Cabin 2 in 1984 - Joshua is in the back row, center, wearing a red shirt.

Cabin 2 in 1984 – Joshua is in the back row, center, wearing a red shirt.

Rabbi Joshua B. Cohen (Nivonim 1988) lives in Modiin, Israel, with his wife, Sarah Bierman (Nivonim 1992), and their 3 children, Sidney, Shenan, and Shoval.  Originally from Skokie, Illinois, Joshua spent 23 summers as a camper, staff member, Rosh Aidah, Commissary Manager, and Field Worker in camp before becoming Assistant Director.  His favorite meal was pack-out lunch on Yom Meyuchad and is glad that his acting career peaked with his lead role in A Chorus Line in 1988.  He co-directs The Nachshon Project as a Program Officer for Legacy Heritage Fund, a program aimed to help more young Jewish leaders find their path towards becoming Jewish communal professionals for North American communities. 

Reflecting in the Month of Elul
by Rabbi Joshua B. Cohen

For which Jewish holiday do we spend the most time preparing?  Some might answer Pesach— we turn our kitchens over and kasher them for Passover, buy special foods, cook for weeks in preparation for the week-long holiday.  Others might say Sukkot— we spend time building and decorating our temporary structures (and withstanding the frigid cold temperatures and rain of the Midwest!).

My answer?  Rosh Hashanah!  For an entire month leading up to the start of the Jewish new year we prepare through our liturgy and through our actions.  In our t’fillot we begin adding Psalm 27 to our daily prayers from Rosh Chodesh Elul through the end of Sukkot as a way of reminding ourselves of our relationship with God as our Protector: “The Lord is my light and my salvation; whom shall I fear?”  We blow the shofar each morning after shacharit (morning prayers) as a call of awakening and a reminder of the Holy Days to come. 

The month of Elul is not just about adding sounds and words; it’s about introspection and reflection.  We are supposed to use the shofar blasts and the additional psalms and selichot (penitential) prayers to help us think about our actions over the past year.  In our daily lives, with all of the hustle and bustle, it is difficult to find the time and space to reflect away from noise and interruption.  We yearn for that seclusion that will allow us to think, more than ever this year.  But where does one go?

Having spent almost 25 years as a camper, counselor, Rosh Aidah, kitchen manager, and Assistant Director at Ramah (Do I need to add Wisconsin?), I still marvel at the fact that camp can be filled with hundreds of people at one time, yet there is always a way to find a quiet secluded space to be alone and think.  I could watch in solitude the sunset over placid Lake Buckatabon while sitting on the huge old wooden chairs at the back mirpeset (porch) of the Sifriyah (Library), where the sun would set in a way that I could never see at home.  And how many nights did I wonder why there were more stars in the sky at camp than anywhere else?  I could always find those quiet spaces that offered a chance to think, even though a few yards away there was a basketball game or people playing frisbee on the Kikar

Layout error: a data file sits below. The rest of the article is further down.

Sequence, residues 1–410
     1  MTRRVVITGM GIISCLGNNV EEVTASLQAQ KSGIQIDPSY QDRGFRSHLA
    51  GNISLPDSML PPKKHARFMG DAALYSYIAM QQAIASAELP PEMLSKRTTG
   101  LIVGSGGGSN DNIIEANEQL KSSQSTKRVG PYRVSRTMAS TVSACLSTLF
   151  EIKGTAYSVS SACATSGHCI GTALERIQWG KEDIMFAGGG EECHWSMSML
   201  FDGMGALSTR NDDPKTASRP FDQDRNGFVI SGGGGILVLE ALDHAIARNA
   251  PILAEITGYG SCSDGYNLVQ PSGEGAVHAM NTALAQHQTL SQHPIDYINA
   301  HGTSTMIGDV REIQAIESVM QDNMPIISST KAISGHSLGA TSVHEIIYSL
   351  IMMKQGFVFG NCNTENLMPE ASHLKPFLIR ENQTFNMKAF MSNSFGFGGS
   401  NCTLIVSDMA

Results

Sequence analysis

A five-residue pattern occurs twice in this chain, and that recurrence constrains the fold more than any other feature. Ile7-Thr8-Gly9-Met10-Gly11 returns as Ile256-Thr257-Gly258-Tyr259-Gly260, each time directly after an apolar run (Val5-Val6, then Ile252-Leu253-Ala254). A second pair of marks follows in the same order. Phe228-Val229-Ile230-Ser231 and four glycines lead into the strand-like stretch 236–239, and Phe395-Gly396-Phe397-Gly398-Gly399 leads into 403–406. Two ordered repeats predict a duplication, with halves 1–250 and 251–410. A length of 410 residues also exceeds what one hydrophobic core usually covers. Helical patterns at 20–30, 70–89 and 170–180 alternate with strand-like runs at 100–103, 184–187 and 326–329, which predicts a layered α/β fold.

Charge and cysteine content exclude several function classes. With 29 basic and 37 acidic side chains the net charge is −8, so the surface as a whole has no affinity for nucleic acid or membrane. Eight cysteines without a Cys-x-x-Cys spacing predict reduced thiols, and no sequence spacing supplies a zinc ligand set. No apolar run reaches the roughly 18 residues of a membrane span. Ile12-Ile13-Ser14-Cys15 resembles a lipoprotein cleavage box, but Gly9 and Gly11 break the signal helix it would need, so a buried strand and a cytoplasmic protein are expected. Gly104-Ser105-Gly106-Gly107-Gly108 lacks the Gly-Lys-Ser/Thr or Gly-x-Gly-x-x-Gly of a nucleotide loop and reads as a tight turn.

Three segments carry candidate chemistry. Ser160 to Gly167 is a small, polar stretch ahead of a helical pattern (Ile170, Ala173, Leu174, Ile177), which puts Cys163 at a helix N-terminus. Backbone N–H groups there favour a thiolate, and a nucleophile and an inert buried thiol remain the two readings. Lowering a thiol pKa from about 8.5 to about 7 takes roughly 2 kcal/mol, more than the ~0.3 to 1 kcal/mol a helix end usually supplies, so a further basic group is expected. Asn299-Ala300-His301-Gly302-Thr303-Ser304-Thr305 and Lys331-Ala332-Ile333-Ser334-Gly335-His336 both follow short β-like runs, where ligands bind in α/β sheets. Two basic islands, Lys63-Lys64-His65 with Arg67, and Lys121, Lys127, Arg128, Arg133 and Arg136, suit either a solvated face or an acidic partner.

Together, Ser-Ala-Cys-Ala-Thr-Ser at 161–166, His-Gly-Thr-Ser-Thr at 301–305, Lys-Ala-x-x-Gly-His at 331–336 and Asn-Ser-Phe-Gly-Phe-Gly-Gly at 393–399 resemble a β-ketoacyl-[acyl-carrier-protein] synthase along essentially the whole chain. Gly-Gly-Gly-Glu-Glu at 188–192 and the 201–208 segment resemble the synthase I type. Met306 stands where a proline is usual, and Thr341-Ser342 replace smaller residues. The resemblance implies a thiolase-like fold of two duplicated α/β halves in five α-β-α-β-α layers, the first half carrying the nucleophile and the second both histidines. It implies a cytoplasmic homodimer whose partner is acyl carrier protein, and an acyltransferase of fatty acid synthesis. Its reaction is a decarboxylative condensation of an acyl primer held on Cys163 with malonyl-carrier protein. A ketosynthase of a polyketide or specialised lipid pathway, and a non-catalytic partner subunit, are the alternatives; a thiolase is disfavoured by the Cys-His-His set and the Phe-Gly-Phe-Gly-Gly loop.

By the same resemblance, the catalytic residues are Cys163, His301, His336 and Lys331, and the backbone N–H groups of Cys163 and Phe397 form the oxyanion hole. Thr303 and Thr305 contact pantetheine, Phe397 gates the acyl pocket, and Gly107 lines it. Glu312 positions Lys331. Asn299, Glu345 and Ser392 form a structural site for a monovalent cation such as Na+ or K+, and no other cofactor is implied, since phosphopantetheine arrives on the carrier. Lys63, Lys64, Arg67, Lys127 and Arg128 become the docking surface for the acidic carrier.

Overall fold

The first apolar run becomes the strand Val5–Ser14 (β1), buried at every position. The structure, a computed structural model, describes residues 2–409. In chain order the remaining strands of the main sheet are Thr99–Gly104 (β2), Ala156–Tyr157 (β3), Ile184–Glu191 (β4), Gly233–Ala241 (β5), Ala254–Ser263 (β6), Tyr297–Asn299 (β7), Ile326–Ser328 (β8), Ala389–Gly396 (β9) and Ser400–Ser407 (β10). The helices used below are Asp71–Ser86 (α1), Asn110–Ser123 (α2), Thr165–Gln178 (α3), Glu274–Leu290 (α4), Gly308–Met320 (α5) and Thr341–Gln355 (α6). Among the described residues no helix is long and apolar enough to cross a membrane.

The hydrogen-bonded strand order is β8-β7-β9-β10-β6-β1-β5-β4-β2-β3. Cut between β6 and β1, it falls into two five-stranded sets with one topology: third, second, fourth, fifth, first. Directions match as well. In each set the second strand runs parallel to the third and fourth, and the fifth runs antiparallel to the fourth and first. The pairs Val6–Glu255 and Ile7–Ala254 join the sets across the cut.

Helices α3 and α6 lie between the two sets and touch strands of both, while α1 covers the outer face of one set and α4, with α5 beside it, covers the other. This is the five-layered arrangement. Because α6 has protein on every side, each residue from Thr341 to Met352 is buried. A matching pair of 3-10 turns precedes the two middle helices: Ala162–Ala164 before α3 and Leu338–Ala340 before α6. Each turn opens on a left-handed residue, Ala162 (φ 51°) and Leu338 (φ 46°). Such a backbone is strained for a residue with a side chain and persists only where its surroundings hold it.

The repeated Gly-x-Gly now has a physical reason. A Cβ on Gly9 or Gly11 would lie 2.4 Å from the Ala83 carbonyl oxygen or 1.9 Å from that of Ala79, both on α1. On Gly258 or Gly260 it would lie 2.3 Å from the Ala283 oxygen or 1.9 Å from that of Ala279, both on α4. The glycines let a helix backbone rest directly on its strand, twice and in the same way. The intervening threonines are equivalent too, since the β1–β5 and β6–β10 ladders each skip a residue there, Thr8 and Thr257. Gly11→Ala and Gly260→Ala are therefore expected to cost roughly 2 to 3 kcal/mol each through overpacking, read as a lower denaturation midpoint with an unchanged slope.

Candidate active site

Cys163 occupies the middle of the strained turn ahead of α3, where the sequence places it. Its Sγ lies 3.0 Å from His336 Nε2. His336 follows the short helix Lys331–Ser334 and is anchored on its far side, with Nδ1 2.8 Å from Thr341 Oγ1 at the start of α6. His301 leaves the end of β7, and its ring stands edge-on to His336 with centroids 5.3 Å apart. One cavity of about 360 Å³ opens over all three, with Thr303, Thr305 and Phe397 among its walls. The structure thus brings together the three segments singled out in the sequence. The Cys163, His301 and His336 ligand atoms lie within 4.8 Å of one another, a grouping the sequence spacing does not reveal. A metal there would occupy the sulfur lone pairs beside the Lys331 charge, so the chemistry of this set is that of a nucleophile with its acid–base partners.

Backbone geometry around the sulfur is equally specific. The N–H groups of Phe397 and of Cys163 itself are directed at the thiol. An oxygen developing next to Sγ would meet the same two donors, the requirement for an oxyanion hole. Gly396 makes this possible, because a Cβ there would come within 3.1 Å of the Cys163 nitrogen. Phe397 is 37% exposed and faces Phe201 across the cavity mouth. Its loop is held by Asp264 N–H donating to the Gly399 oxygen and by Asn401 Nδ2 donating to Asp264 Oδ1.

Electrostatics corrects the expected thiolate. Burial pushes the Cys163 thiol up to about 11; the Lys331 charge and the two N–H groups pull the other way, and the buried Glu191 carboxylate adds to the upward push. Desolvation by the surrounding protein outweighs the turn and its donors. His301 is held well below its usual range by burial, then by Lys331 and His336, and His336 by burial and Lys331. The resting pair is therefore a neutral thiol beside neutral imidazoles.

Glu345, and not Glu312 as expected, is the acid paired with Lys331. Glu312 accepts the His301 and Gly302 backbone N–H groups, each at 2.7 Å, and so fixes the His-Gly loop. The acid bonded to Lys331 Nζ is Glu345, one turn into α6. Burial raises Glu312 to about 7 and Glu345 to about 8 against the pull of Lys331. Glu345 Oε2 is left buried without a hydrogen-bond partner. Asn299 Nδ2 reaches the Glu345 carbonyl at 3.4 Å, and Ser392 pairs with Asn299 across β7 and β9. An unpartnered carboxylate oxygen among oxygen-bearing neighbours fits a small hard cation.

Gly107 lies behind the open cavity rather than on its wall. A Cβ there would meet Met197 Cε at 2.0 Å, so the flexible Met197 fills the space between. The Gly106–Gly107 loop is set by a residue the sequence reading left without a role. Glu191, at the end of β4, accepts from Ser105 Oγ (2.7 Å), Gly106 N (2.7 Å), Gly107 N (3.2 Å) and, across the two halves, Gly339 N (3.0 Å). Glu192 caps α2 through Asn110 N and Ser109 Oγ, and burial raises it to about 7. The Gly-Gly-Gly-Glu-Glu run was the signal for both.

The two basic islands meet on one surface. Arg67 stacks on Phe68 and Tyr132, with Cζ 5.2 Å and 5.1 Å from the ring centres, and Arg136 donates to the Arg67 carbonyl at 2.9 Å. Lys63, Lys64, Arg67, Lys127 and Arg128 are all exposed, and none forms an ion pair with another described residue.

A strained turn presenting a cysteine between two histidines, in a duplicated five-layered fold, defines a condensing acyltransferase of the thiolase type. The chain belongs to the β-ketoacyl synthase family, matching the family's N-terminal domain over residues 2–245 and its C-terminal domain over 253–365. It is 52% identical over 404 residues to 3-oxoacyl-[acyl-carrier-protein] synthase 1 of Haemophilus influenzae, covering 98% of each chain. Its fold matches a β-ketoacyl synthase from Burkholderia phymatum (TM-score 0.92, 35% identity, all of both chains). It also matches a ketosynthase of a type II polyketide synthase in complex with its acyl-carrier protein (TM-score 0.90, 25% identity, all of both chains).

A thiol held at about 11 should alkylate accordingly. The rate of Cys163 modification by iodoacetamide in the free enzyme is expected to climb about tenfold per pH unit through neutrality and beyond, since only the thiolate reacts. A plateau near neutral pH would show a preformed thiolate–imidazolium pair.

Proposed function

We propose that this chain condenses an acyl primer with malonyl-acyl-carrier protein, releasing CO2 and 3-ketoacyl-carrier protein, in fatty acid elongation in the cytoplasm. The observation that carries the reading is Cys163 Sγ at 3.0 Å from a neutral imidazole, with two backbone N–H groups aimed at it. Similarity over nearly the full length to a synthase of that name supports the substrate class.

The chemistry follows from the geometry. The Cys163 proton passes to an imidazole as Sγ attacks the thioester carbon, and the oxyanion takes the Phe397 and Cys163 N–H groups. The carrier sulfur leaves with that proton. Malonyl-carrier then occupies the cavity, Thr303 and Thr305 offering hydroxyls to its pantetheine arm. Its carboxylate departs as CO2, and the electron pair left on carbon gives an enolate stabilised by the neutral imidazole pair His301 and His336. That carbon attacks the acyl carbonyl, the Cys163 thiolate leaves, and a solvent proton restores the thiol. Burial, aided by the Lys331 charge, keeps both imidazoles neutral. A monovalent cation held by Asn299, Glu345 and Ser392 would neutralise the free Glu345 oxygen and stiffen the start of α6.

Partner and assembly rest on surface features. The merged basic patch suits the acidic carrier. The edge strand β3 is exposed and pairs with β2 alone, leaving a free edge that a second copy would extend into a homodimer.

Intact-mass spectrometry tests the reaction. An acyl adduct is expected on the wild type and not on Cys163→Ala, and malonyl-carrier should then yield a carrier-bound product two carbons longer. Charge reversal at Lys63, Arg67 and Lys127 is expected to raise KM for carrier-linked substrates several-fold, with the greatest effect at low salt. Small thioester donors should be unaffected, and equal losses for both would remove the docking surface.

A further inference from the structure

As the summer wound down each year, week 7 turning to week 8 on the camp calendar, we would rush to try to get in a few last summer experiences.  And at the same time, we took those long walks with friends, with our counselors, talking about the summer that was and what we were hoping to accomplish next summer as if one summer could be a continuation of the next. 

My summers at Ramah helped me create lifelong friendships (Tzrif Bet, 1984 pictured here – I still look the same).  Camp taught me about leadership and Jewish values, community, and it is the place where I met my wife, Sarah Bierman.  Ramah created the foundation upon which many of the decisions in my life continue to be based and it is where I learned how to observe Jewish laws and customs.  But more than anything, Ramah taught me the importance of stopping, even during the hectic or fun times of the summer, to be reflective about what was happening around me, and to find meaning in those experiences. 

With best wishes for a shanah tovah um’tukah, a good and sweet new year.

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